if 'Incremental Flows' in Input_Data_File.sheetnames:
            self.Incremental_Flow_Junction = Excel_Data_Import(self.name, Input_Data_File, 'Incremental Flows', 0, T, max_distinct_data_types = None, data_name_offset = None)
        if 'Incremental Sediment Loads' in Input_Data_File.sheetnames:
            self.Incremental_Sed_Load_Junction = Excel_Data_Import(self.name, Input_Data_File, 'Incremental Sediment Loads', 0, T, max_distinct_data_types = None, data_name_offset = None)
    def Element_inflows(self):
        return

From channel.py:

import numpy as np
from storage_element import Storage_Element
from ExcelDataImport import *

# Description: This file defines the channel class and methods
class Channel(Storage_Element):
    def __init__(self, name, T, Input_Data_File):
        if hasattr(Storage_Element, '__init__'):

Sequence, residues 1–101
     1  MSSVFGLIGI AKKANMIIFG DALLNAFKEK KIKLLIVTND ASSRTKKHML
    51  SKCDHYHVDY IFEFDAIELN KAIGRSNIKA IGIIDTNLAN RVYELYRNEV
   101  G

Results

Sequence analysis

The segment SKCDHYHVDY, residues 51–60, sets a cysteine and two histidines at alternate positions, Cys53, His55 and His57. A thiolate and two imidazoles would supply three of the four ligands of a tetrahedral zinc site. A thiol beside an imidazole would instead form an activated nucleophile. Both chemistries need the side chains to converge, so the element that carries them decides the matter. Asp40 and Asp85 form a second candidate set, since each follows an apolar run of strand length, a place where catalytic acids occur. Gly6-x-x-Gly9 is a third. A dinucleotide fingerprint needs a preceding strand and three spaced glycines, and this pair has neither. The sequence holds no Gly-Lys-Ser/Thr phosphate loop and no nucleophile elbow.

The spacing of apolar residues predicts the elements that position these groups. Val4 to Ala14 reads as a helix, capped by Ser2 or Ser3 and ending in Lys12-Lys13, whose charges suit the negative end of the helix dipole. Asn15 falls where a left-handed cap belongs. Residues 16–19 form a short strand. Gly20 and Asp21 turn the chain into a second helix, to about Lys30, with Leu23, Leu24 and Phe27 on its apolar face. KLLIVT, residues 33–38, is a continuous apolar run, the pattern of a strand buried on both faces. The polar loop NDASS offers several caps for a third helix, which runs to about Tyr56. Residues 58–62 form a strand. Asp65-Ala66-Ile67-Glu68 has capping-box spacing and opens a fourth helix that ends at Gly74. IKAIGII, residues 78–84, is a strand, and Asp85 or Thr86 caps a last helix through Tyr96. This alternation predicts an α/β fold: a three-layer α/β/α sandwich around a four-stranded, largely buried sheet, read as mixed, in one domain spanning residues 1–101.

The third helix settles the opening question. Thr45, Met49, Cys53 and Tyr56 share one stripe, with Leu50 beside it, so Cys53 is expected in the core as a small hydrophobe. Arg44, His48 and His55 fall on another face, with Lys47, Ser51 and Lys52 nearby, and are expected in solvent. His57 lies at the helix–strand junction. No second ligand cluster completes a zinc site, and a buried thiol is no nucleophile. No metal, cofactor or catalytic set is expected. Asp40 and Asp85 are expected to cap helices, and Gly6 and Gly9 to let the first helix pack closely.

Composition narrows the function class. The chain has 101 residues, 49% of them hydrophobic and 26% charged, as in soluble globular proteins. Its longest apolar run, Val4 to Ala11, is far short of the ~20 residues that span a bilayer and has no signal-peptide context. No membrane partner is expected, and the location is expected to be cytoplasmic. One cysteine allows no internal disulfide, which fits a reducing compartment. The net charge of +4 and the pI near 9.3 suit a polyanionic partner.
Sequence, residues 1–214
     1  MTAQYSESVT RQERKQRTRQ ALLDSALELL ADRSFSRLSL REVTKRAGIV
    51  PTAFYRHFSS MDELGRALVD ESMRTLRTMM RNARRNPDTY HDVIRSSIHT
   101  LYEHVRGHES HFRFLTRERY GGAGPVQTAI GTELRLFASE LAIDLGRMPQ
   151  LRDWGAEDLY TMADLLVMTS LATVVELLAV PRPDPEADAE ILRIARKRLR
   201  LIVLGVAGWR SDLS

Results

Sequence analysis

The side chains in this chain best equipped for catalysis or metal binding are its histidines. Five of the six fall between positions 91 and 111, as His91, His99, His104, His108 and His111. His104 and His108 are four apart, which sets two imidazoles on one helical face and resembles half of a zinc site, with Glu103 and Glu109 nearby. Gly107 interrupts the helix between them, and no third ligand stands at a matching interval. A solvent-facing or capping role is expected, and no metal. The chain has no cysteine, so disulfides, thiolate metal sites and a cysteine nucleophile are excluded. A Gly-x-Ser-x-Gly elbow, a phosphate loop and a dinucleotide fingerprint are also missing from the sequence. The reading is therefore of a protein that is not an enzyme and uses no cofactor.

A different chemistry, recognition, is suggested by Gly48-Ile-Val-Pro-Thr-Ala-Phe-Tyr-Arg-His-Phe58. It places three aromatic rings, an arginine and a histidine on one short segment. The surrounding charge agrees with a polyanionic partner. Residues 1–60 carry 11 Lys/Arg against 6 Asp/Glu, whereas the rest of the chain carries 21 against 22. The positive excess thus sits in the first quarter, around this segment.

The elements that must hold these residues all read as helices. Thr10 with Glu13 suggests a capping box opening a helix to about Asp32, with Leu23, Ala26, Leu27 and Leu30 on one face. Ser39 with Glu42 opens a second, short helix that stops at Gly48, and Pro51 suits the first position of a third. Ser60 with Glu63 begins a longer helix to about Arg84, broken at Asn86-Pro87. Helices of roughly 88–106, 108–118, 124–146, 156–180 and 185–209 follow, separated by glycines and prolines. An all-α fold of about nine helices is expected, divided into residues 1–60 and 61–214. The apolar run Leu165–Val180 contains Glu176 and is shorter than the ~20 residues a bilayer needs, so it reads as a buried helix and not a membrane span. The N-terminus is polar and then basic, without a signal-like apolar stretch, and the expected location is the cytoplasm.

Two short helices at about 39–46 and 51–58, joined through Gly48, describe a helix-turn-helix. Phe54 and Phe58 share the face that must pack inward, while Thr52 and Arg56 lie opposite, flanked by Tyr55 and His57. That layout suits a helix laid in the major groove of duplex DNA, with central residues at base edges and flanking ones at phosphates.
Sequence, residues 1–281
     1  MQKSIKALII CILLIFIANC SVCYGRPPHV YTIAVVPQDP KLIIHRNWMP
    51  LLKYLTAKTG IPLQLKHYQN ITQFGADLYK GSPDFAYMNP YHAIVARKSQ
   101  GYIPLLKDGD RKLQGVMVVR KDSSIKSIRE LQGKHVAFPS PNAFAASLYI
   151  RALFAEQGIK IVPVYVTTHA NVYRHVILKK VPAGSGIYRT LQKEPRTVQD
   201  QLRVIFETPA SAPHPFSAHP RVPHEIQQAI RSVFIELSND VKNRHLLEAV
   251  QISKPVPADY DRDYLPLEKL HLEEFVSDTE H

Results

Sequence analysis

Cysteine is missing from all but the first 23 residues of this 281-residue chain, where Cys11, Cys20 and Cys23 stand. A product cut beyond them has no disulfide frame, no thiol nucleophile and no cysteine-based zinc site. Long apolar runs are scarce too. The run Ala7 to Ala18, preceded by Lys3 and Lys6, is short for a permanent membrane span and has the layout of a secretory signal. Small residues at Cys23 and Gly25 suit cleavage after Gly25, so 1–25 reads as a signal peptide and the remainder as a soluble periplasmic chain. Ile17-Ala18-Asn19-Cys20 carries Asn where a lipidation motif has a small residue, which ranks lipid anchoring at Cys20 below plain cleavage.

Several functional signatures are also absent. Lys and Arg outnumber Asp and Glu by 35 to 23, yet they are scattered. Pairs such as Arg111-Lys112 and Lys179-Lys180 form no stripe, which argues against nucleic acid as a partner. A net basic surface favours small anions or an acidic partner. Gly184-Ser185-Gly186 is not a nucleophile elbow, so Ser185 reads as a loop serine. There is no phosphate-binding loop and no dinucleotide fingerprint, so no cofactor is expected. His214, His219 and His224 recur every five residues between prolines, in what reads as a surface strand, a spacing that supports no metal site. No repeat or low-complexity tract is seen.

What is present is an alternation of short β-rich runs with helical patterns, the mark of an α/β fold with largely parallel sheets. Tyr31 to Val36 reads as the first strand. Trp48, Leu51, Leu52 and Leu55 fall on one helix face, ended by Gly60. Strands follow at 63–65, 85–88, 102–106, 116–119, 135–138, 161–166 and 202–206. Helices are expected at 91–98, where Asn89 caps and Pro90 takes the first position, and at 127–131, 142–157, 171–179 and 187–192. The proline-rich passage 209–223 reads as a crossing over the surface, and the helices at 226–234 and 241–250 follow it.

Storage_Element.__init__(self, name, T, Input_Data_File) # If parent class has constructor method, then call that first.
        # Channel.Import_Data(self, T, Input_Data_File)
    def Import_Data(self, T, Input_Data_File):
        if 'Reach Specifications' in Input_Data_File.sheetnames:
            # Placed here because reservoirs are considered to be reaches in the unregulated simulation.
            [self.Routing_Coefficient, self.Routing_Exponent, self.Pool_Volume, self.Initial_Storage, self.alpha_2_3, self.beta_2_3, self.Initial_Sediment_Mass] = Excel_Data_Import(self.name, Input_Data_File, 'Reach Specifications', 1, 7, max_distinct_data_types = None, data_name_offset = None)
    def mass_balance(self, constant, t=None):
        self.removed_load = np.power(constant,2) + self.new_func(2)
        self.BS_W[t+1] = self.BS_W[t] + 3
        return self.removed_load
    def new_func(self,new_constant):
        trapped_load = 20 + new_constant
        return trapped_load
    def Flow_Routing(self):
        return
    def Sediment_Routing(self):
        return
class Diversion_Channel(Channel):
    # A diversion is a channel or pipe that is a regulated (at inflow) conveyance channel, unregulated at outflow.
    def __init__(self,name,T):
        if hasattr(Channel, '__init__'):